When we think of website development or design, we usually focus on main pages like Home, About, Contact, and Shop/Store. But we don’t really put much effort into the 404 page.
If you don’t know what that means, here’s a simple explanation. As your site grows, you may delete, modify, or transfer/move some pages without redirecting them, which would lead to broken links on Google or social media.
Alternatively, someone might type in the wrong URL or go searching for a page that doesn’t exist in the first place. Lastly, your servers may be down, which would prevent people from accessing the content.
For all these scenarios, your visitors should ideally land on a backup page that notifies them of the error, universally referred to as 404 (official code).
Unless you set up this special page manually, prospects will just be greeted with a blank broken whiteboard page, which might prompt most of them to abandon your site. This will lead to a loss of traffic, a decrease in your Google Ranking Score, and a drop in conversions (sales).
It should be clear by now why 404 pages matter to your SEO (Search Engine Optimization) as well as basic user experience (UI/UX). If you’re wondering how it looks, here’s a generic example…
The screenshot I shared above works as a basic template that gets the job done. But you’ll agree when I say it’s too vanilla and boring. This is a lost opportunity to stand out from the crowd, and do something creative that people will remember.
Like any other marketing touchpoint for customers, you should infuse it with your personality and align it with your brand’s communicative tone.
At the same time, giving proper directions & suggestions might actually help people navigate to the correct destination, and/or increase your product sales through an unexpected avenue.
So keeping this philosophy in mind, I set out to create a cool 404 page for one of my little ventures; the aim was to make it creative and functionally useful at the same time. The website in question is Snugo (www.snugo.in).
For context, Snugo is a social startup that sells quirky merchandise to raise funds for the welfare of stray dogs & cats in India. When you shop with us, we donate 50% of monthly net profits to registered animal NGOs in Mumbai.
These funds are used to rescue, treat, feed, sterilize, vaccinate, and rehome poor street animals in need. We have over 60+ local products, ranging from tees & hoodies to utility items like mugs, notebooks, and masks, and tote bags.
Currently, the venture is in its initial testing phase, but we should be fully open by year-end.
The page is split into 3 parts. The first is a funny heading and subtitle confirming that the visitor is lost. The second part below it has a search bar and a CTA button to visit the home page from where they can start navigating the site again. The third section has useful links which might solve the person’s problems.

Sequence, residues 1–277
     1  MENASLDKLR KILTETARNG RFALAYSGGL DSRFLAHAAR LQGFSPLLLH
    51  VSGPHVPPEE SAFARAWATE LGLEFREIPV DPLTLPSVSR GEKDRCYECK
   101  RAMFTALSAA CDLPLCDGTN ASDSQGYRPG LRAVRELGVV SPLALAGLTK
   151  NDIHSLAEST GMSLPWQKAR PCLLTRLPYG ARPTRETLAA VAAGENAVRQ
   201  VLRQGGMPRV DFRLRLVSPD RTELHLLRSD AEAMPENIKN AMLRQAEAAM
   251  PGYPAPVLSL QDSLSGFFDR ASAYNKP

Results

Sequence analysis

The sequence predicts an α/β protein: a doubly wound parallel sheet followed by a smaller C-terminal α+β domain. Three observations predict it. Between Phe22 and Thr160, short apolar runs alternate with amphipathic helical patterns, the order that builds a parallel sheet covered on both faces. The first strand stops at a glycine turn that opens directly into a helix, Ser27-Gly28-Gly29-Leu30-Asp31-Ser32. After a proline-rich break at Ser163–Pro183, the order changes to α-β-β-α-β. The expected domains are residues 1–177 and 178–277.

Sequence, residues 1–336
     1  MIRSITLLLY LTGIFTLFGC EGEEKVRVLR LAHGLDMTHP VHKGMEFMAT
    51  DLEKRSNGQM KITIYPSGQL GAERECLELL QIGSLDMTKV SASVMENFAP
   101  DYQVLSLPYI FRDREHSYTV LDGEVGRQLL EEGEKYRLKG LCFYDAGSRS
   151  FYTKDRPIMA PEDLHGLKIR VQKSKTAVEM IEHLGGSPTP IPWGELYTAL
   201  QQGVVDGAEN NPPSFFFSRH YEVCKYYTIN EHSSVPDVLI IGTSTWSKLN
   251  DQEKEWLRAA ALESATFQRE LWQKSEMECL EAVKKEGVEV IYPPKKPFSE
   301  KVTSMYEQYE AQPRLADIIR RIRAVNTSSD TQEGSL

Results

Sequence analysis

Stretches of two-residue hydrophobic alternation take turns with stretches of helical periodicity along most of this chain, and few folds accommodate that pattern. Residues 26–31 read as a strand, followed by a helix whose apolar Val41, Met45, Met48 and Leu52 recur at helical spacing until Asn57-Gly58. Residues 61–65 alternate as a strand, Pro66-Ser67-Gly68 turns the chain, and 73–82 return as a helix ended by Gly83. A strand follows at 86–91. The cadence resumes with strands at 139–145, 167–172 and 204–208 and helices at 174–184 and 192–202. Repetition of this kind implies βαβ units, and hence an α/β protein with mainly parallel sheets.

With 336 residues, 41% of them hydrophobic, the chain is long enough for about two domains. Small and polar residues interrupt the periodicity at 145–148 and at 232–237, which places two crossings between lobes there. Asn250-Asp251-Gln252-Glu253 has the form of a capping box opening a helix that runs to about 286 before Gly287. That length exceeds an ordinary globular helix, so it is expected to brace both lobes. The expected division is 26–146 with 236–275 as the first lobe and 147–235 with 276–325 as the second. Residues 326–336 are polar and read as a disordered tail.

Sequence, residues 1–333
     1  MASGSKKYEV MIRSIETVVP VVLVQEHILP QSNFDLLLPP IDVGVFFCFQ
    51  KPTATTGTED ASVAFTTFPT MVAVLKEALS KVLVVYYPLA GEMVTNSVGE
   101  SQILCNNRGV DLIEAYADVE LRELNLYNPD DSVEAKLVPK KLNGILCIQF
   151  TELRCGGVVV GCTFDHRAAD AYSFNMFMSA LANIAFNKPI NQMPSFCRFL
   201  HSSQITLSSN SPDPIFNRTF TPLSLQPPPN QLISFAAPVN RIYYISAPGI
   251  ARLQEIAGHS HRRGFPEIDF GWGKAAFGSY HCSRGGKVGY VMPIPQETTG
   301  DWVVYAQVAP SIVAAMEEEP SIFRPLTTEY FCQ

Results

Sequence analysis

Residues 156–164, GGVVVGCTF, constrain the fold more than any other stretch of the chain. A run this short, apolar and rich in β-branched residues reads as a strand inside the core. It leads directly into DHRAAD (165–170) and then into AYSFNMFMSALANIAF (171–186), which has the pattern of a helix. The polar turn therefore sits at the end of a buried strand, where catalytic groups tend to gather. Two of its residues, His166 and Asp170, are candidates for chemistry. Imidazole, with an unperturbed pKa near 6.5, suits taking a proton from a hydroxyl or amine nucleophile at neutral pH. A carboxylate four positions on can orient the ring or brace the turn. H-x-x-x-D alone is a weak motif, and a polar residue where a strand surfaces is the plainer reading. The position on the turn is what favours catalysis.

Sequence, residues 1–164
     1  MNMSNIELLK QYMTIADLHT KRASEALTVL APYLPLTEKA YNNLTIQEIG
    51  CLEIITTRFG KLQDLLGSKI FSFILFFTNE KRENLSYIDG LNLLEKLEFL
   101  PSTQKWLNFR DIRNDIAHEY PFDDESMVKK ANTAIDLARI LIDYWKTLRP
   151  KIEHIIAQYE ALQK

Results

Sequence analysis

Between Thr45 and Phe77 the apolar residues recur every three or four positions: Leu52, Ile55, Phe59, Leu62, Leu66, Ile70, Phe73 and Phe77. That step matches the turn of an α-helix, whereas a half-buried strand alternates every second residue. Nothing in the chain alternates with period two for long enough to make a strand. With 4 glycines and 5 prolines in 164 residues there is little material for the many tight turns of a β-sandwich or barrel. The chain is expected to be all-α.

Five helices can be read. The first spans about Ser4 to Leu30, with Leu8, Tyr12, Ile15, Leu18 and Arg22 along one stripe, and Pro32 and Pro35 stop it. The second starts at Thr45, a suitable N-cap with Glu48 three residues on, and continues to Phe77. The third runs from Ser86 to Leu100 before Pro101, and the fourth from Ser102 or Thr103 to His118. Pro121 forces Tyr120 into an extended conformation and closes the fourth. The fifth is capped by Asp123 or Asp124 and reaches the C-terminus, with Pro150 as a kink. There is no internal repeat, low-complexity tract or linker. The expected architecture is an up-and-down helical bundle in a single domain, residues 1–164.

Let’s look at the logic behind each of these elements, and understand why they work well.
Elements of a Smart 404
First, you need to ensure the page is in alignment with your overall brand tonality and website’s personality.
If you’re a chocolate manufacturer for gym-goers, you probably have a flashy website with charged & upbeat copy. Your 404 page can’t be bland or corporate. So the design, photos/media, and the copy should all work in tandem to deliver a unique effect.
In my case, I know my website’s target demographic will mostly be animal lovers and pet owners, so my headline would probably make them chuckle.
If you read my copy for the links section at the bottom, it’s deliberately funny and casual as well because it fits well with my audience.
I’ve provided some more examples of highly relevant 404 pages below, which will help you nail this point.
Secondly, you need to give people the freedom to search again, which will need you to include a search bar below your title & subtitle. For visitors who are unsure of what to search, keep a CTA button to redirect them to the main home page, which is a safe option to begin their journey all over again.
Thirdly, you must anticipate what your visitors may be looking for, and suggest resources that would solve their problems.
For example, I’ve listed 3 links: Contact Us, FAQs, and Product Collections. The Contact page is for those who are looking for a complicated solution, and thus want to get in touch with us directly to get their problem solved directly.
Similarly, visiting the FAQs section should resolve the most common queries that people usually search for on our website.
If you’re an educational site or SaaS service, you can embed a list of tutorials or videos addressing people’s common pain points, concerns, or queries, based on web traffic data you’re receiving from Google Analytics.
The last link sends them to our Product Collections. It’s possible that they searched for a certain product but couldn’t find it. In that case, the idea is that showing them collections (categories) of each product might make their search easier, and also increase the chances of a direct purchase.
If you have some items you want to push, you can have a string/row of them in place of this link as well, so that users can directly visit the dedicated landing pages for subscription packages or on-sale products.
How to Deploy a 404
If you’re working in WordPress, your theme might have this option in-built, so all you may have to do is go to Appearance > Customize > 404 Page.
In some themes, the option may be available in the Settings menu. In that case, just create a normal page like any other, and assign that URL to function as the 404. This is how I did it for my Flatsome WordPress theme.